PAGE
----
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|Title: ||Abnormal pituitary function during melancholia: reduced alfmelanocyte-stimulating hormone secretion and increased intact ACTH non-suppression|
|Authors: ||Maes, M.|
de Jonckheere, C.
|Issue Date: ||1991|
|Citation: ||Journal of affective disorders, 22(3). p. 149-157|
In order to investigate pituitary α-melanocyte-stimulating hormone (α-MSH), intact (1–39 structure) adrenocorticotropic hormone (ACTH), and adrenal cortisol secretion, we measured 8 a.m. plasma levels of those hormones before and after administration of 1 mg dexamethasone in 39 depressed inpatients and 10 healthy controls. We found a significantly lower baseline α-MSH secretion in melancholic patients as opposed to healthy controls. There were no significant relations between α-MSH secretion on the one hand and ACTH or cortisol secretion on the other. Dexamethasone did not affect the 8 a.m. α-MSH circulating levels. The post-dexamethasone intact ACTH and cortisol values were significantly higher in melancholics as compared with healthy, minor and simple major depressed subjects. ACTH non-suppression was defined as post-dexamethasone intact ACTH 12 pg/ml. ACTH non-suppression was found to be more sensitive (70%) and specific (100%) for melancholia than cortisol non-suppression. By means of pathway analysis we have established that cortisol non-suppression during a severe depression is completely determined by an augmented ACTH escape from suppression by dexamethasone. It is concluded that the assay of post-dexamethasone intact ACTH could, in the future, replace post-dexamethasone cortisol determination.|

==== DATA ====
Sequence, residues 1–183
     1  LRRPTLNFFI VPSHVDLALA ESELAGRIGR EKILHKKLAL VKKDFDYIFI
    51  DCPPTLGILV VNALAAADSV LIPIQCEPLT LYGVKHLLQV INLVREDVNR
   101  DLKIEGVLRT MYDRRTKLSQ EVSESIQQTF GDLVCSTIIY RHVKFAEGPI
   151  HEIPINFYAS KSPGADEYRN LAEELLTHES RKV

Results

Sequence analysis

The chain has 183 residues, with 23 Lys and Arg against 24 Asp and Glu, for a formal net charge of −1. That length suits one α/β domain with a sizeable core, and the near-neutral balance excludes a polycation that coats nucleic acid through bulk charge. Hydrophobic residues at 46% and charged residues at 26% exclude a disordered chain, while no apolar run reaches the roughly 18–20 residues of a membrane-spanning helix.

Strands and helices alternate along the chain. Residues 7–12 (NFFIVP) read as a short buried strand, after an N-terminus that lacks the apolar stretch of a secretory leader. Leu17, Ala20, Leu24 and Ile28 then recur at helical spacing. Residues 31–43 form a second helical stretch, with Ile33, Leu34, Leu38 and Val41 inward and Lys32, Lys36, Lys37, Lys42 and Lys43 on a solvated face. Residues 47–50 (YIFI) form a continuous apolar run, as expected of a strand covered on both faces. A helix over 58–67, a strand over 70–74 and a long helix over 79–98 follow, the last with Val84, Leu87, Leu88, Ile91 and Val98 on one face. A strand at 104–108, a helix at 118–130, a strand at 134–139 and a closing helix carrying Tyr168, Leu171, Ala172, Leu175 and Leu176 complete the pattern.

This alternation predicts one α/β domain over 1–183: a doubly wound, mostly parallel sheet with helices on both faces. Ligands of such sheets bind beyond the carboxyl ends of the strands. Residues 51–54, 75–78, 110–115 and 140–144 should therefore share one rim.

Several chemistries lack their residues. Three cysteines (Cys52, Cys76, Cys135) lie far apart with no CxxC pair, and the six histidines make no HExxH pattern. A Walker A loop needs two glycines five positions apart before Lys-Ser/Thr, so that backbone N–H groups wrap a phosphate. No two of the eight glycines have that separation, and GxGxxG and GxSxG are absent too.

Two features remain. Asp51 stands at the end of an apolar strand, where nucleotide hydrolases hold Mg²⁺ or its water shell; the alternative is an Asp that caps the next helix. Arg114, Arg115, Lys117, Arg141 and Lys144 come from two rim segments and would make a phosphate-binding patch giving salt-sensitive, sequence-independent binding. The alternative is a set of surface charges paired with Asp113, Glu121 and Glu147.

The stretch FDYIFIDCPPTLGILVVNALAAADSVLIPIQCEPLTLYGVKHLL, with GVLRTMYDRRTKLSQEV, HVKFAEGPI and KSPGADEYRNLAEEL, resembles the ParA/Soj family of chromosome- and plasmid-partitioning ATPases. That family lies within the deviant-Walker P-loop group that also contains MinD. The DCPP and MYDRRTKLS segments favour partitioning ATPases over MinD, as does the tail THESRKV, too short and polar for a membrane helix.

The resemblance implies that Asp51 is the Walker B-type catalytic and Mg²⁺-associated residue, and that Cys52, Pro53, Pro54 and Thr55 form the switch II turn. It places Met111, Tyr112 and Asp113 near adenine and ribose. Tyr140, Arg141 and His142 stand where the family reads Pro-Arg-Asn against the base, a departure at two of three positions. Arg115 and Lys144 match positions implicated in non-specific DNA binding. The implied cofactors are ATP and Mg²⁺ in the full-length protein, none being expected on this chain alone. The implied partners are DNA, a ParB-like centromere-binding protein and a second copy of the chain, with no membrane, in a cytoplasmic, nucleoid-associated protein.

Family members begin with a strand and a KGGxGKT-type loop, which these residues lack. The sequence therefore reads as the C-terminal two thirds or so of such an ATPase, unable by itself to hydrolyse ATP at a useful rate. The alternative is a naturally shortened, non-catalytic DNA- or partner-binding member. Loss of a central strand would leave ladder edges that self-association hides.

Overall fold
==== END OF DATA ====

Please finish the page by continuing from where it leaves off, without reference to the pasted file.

|Type: ||Journal Contribution|
|Appears in Collections: ||Research publications|
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